What a superb day of camaraderie and golf at the prestigious Dallas National Golf Club. I drove up to Dallas from Houston on the afternoon before. After dinner with a former ExxonMobil colleague, I joined Dr. Gerald Bulloch and his wife Lynn for the rest of the evening as they graciously opened their home for me, saving me some of my Marriott Reward Points. After sharing stories and laughter late into the evening with Gerald and Lynn, I retired for a rare night of sound sleep in preparation for my 10th course in the quest to play the top 100 courses on the Golf Digest 2017-2018 list, in one year.
Gerald did the detailed work to coordinate the round with his dear friend, Dr. Walter Young who became a member of Dallas National while the club was still under construction. Gerald and Walter arrived in Dallas over 30 years ago as budding new physicians, fresh off their specialized training for cardiology and gastroenterology, respectively. I wish that my drives carried as many yards and as Walter’s specialty carries letters! Gastroenterology is about the longest word that I’ve used in my blog. It was Walter who got Gerald, who had been an avid tennis player, interested in golf. They are friends with a history and a bond.
Walter also asked a fellow member to join us since our group for the round consisted of five non-members, me and four of the guys that I play in the Black Jacket tournament with every year. I have mentioned in the past that I play in a tournament each year on Kiawah Island with a group of 32 guys. The winner of the tournament is determined by calculating which golfer shoots the best scores over three rounds relative to his baseline. The baseline is determined by the average points per round using a Stableford scoring system. The winner gets the black jacket. Gerald is the reigning black jacket winner. The golfer who scores worse relative to his baseline is presented with a pair of pink stiletto pumps encased in an acrylic box. The shoes must be displayed in a public place in his home for one year. As you can imagine, there is a lot more focus during the tournament on not winning the pink pumps than there is on wining the black jacket. Ken Moon who is one of the other black jacket members that joined us for the round at Dallas National, was the 2014 winner of the pink pumps. He was very happy to past them on to the 2015 winner.
Gerald and I were the first to arrive at the club. As we entered the property, our attention was immediately drawn to the construction activity on our left. The club was redoing the practice range. Walter later told me that there are touring pros who are members of the club who wanted to practice under playing conditions that matched what they experience on the tour. As such the club was adding fairways with Bermuda grass to the practice range along with landing areas that mimicked greens. This area is a temporary imperfection on an otherwise pristine facility. While the construction was going on to the left as we entered the grounds, everything to the right was prefect and picturesque. Well, almost. During the round, they were adding sand to some of the tee boxes. This had no effect on our round, other than making the tee boxes look less picturesque.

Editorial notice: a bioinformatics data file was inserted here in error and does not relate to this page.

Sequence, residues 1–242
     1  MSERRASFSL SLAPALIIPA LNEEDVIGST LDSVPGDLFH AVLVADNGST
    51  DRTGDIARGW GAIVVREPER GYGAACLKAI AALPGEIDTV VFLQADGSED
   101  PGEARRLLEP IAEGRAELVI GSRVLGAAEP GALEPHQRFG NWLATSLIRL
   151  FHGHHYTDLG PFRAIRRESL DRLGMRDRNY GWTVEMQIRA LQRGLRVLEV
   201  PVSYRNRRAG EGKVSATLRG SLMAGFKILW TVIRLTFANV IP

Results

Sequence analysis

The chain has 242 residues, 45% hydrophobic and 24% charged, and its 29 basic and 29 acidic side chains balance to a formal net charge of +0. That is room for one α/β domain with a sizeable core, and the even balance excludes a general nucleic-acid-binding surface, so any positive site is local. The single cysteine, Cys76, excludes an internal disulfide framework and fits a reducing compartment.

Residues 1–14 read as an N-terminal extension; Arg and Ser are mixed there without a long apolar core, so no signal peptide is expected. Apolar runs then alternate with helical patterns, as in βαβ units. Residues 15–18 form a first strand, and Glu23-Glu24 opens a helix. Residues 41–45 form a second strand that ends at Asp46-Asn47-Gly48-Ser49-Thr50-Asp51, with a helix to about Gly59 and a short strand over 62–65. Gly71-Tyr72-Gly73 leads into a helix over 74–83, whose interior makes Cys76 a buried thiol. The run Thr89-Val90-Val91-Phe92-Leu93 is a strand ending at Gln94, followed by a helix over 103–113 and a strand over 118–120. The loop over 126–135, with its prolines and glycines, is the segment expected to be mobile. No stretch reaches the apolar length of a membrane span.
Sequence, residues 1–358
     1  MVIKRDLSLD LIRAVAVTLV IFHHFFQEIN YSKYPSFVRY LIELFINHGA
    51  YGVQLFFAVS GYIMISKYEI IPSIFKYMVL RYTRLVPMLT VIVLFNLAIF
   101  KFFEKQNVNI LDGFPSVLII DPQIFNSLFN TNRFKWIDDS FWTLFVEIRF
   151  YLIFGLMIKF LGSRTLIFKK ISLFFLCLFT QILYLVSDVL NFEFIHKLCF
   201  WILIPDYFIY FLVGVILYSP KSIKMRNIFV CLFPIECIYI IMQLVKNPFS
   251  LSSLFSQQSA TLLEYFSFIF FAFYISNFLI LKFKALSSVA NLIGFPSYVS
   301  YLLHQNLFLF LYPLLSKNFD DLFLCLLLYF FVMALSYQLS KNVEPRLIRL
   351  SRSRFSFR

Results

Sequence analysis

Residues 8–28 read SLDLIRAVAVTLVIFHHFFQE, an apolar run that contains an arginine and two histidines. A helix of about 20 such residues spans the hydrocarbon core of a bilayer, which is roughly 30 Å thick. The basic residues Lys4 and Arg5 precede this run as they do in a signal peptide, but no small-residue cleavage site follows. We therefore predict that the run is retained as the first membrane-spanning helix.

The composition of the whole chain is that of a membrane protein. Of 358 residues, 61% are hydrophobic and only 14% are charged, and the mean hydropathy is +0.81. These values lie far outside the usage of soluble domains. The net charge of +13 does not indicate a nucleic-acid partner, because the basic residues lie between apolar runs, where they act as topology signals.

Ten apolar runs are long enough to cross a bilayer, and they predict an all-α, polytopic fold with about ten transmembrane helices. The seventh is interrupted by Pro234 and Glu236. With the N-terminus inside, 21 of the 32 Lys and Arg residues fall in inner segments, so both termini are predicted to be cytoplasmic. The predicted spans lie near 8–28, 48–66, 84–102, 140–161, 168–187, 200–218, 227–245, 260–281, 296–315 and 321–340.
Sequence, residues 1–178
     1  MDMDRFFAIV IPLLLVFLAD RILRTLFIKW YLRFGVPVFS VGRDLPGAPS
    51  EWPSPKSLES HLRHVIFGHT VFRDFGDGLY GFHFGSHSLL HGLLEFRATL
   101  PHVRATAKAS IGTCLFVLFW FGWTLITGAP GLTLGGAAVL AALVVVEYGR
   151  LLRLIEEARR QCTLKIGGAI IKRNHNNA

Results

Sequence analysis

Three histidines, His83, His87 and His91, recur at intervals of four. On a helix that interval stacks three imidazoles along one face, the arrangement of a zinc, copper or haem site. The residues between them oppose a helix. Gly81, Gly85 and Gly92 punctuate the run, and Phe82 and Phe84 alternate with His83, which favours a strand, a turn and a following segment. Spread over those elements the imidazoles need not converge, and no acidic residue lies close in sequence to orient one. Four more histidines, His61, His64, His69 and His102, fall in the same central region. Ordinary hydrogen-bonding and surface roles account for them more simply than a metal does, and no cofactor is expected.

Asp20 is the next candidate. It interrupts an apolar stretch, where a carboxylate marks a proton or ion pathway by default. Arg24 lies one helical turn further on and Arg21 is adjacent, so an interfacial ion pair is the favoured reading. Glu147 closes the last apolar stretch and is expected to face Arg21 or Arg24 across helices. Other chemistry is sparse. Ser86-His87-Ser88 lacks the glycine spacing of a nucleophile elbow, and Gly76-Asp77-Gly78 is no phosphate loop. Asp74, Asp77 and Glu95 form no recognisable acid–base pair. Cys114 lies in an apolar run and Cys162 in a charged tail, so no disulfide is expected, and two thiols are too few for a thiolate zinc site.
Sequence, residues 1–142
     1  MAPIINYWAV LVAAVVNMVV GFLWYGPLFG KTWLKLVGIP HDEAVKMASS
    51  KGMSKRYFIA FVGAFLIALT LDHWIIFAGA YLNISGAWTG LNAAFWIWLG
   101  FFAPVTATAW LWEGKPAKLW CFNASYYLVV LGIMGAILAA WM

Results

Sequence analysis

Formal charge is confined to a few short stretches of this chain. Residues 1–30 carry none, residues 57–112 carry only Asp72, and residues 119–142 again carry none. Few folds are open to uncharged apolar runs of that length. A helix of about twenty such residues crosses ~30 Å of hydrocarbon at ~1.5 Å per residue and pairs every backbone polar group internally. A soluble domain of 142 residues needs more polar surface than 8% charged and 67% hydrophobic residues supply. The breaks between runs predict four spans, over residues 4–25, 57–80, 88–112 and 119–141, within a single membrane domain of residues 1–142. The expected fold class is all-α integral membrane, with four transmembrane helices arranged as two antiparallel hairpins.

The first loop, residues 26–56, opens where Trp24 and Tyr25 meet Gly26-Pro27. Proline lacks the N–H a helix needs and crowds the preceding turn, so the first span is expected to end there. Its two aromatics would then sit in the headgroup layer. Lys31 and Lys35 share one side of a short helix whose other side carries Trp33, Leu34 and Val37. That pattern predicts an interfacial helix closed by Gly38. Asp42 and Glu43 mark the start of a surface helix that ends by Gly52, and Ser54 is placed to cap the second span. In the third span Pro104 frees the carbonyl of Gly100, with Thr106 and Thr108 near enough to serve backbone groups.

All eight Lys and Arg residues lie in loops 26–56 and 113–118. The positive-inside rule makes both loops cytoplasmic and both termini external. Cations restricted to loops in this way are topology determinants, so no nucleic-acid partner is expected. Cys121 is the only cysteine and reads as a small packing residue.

As we approached the club house in style in Gerald’s 2000 Signature Series Lincoln Towncar Touring Sedan (a prized classic that Gerald says his oldest son has not yet shown the appreciation for one day inheriting), we were greeted by attendants whose sole focus seemed to be to ensure we had an outstanding experience at Dallas National. They took our clubs and Gerald’s keys to his prized automobile, then handed us off to Sal. Sal led us to our lockers in the Men’s Locker Room. Our lockers had name plates for us, that matched the name plates of the members of the club. It was as if we were members for the day. But I’ll come back to that later, because there was one moment during the round where it was clear that Walter paid dues here and I didn’t!
I realized that I had not brought golf socks with me. I asked Sal to direct me to the Pro Shop where I could purchase a pair. He asked my size and said he would take care of it for me. He left for a moment and returned with a pair of socks. He told me that if I had not worn these types of socks before, once I put them on, I’d never want to take them off. He was right. These were the most comfortable golf socks that I’d ever worn. If you have never donned a pair of Balega Hidden Comfort socks on your “puppies”, you should try them. They felt so good on my feet, that after the round, I really didn’t want to take them off.